The Sunday News
Oliver Kazunga, Senior Business Reporter
THE Government will not allow National Blankets to go under liquidation and measures are underway to resuscitate the company, Industry and Commerce Deputy Minister Chiratidzo Mabuwa has said.
The Bulawayo-based textile firm was placed under judicial management in 2012 following viability concerns.
The company faced a drastic fall in the demand of its products that were woven blankets and no longer have a market due to the influx of cheap imported textile products mainly from the Far East.
Deputy Minister Mabuwa who was in Bulawayo since last week touring city companies, refuted reports that National Blankets was folding up.
“Terminologies are dangerous especially if used by lay people. We become so loose in terms such that they are either misinterpreted or used incorrectly. But there is nothing like liquidation at National Blankets. Liquidation means a company is closing; it is no more, dead. We have come to make sure that the company opens,” she said, in an interview following a closed door meeting she held with National Blankets judicial manager, Mr Philip Ndlovu.
Deputy Minister Mabuwa was in Bulawayo to meet manufacturing companies in their own backyards to discuss the challenges they are facing and try help to them overcome the constraints in the best way the Government can.
She said an accountant or a legal person can talk of liquidation knowing a technical re-arrangement of a firm’s balance sheet.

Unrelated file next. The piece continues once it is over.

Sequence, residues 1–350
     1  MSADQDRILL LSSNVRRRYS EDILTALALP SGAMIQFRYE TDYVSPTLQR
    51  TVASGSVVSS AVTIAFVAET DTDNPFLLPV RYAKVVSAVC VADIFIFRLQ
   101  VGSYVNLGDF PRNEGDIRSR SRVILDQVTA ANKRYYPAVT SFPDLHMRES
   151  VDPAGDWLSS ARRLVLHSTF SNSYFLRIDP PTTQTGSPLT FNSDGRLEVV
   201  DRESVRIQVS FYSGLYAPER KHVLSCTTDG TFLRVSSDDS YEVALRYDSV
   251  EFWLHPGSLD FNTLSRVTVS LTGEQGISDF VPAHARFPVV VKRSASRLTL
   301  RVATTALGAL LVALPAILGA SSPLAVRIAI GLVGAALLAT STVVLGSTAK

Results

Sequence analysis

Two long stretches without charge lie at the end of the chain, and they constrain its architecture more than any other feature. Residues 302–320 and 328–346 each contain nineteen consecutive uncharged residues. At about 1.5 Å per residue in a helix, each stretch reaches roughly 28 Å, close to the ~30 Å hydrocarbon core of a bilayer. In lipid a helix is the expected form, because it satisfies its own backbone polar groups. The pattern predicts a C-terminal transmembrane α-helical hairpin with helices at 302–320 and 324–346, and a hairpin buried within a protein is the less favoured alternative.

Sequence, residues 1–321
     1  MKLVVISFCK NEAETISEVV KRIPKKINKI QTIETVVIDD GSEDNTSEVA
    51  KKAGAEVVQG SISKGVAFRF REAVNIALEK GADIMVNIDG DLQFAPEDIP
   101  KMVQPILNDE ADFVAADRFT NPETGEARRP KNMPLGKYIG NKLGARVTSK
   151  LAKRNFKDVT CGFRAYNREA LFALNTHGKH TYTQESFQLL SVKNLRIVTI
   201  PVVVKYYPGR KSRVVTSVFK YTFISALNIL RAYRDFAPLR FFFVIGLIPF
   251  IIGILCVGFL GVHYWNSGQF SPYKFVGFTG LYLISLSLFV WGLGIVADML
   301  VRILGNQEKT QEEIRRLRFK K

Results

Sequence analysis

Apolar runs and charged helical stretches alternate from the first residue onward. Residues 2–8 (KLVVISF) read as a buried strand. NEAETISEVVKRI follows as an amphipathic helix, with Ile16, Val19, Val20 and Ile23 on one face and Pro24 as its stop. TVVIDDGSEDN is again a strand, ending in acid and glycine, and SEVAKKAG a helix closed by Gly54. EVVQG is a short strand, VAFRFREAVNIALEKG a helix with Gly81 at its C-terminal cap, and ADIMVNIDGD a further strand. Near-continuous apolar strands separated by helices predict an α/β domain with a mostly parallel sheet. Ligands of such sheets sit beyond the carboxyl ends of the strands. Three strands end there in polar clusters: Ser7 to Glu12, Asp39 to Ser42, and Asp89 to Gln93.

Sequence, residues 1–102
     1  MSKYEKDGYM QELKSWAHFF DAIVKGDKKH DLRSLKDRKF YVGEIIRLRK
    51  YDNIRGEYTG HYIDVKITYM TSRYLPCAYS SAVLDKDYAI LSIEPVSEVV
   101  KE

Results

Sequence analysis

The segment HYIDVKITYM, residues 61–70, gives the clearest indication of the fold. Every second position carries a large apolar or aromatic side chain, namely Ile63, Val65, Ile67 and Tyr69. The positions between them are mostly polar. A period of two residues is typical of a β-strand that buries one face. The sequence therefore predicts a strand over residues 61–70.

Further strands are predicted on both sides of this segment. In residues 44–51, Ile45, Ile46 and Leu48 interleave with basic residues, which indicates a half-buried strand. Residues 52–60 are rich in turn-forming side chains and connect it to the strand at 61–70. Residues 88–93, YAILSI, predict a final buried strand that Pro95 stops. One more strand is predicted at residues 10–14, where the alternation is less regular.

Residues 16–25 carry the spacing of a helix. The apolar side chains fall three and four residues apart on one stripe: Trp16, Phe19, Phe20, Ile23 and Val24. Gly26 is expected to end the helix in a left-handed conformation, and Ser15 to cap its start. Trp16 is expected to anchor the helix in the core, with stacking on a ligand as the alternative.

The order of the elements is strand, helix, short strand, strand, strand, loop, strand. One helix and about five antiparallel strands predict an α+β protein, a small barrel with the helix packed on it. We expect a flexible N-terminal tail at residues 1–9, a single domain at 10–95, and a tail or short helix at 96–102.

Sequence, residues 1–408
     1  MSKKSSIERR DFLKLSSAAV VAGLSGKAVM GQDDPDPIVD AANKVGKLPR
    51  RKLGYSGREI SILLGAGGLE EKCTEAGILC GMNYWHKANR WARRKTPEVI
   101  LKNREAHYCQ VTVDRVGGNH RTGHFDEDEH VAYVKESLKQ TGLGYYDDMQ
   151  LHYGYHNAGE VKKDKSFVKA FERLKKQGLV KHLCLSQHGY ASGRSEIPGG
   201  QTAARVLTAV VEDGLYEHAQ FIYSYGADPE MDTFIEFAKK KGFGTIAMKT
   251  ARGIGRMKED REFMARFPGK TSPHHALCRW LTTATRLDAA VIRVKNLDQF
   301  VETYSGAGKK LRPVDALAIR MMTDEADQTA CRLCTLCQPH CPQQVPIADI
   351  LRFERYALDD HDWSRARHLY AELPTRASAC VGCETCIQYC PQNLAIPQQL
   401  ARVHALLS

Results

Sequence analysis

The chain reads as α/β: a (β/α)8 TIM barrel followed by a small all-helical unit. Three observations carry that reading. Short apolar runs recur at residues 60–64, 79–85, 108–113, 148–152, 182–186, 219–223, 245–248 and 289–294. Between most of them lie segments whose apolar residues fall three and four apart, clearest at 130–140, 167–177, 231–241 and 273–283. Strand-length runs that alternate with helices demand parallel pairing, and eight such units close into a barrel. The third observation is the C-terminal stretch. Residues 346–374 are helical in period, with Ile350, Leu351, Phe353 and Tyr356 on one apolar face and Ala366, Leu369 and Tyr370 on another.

“But it (balance sheet) can change hands through several avenues that can qualify for that or a totally different ball game altogether.
“Why I am disputing that in this instance is that I cannot be talking of re-opening and liquidation on the other,” said Deputy Minister Mabuwa, adding that the term “liquidation” could be used as a technical word to achieve re-opening.
In May, National Blankets was reported in some sections of the media to be beyond resuscitation stage, with Mr Ndlovu indicating to creditors in a letter that the company was insolvent as liabilities were significant and exceeding assets by a wide margin.
Deputy Minister Mabuwa said part of her tour of Bulawayo industry as mandated by Industry and Commerce Minister Dr Mike Bimha was to resolve the issues that were stunting production at National Blankets.
She could not be drawn into revealing the nitty-gritties of her discussion with Mr Ndlovu but indicated that the focus was to ensure the textile firm is “up and running”.
“The end result would be that company should be up and running.”
Commenting on how soon National Blankets would resume production, she said:
“It depends on what we will do for it to be up and running and we want to go back to its re-opening as soon as possible. There are funding challenges there (National Blankets). They have got the state-of-the art machines.”
Deputy Minister Mabuwa could also not be drawn into divulging how much working capital was needed at National Blankets stating that shareholders of the company had informed her of the figure in confidence.
In 2013, the textile firm, which is one of the oldest companies in Bulawayo sold off some of its property to pension fund, the National Social Security Authority, and settled debts to the now defunct Capital Bank and service providers like Bulawayo City Council, a combined total of $2,6 million.
In the 2013 judicial manager’s report, National Blankets secured $500 000 loan facility from the Central African Building Society (CABS) under the Distressed and Marginalised Areas Fund.
National Blankets faced a drastic fall in the demand of its products that were woven blankets and no longer have a market due to the influx of cheap imported textile products mainly from the Far East. @okazunga